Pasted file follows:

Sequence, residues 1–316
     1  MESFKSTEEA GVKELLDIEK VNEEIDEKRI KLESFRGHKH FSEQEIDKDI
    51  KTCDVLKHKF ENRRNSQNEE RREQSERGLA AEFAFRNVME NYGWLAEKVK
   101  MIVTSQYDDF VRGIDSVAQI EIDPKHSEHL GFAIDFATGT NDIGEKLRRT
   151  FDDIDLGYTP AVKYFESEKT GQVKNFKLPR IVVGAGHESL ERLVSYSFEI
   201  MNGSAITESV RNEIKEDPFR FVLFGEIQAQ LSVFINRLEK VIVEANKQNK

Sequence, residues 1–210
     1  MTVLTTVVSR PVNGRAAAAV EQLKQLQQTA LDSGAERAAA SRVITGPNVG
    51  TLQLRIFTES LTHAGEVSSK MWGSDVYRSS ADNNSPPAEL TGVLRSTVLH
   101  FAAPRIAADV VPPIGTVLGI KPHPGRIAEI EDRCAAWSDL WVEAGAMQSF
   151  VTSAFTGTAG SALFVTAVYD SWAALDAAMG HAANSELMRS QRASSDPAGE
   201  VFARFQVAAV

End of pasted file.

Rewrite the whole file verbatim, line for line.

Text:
Sequence, residues 1–316
     1  MESFKSTEEA GVKELLDIEK VNEEIDEKRI KLESFRGHKH FSEQEIDKDI
    51  KTCDVLKHKF ENRRNSQNEE RREQSERGLA AEFAFRNVME NYGWLAEKVK
   101  MIVTSQYDDF VRGIDSVAQI EIDPKHSEHL GFAIDFATGT NDIGEKLRRT
   151  FDDIDLGYTP AVKYFESEKT GQVKNFKLPR IVVGAGHESL ERLVSYSFEI
   201  MNGSAITESV RNEIKEDPFR FVLFGEIQAQ LSVFINRLEK VIVEANKQNK

Sequence, residues 1–210
     1  MTVLTTVVSR PVNGRAAAAV EQLKQLQQTA LDSGAERAAA SRVITGPNVG
    51  TLQLRIFTES LTHAGEVSSK MWGSDVYRSS ADNNSPPAEL TGVLRSTVLH
   101  FAAPRIAADV VPPIGTVLGI KPHPGRIAEI EDRCAAWSDL WVEAGAMQSF
   151  VTSAFTGTAG SALFVTAVYD SWAALDAAMG HAANSELMRS QRASSDPAGE
   201  VFARFQVAAV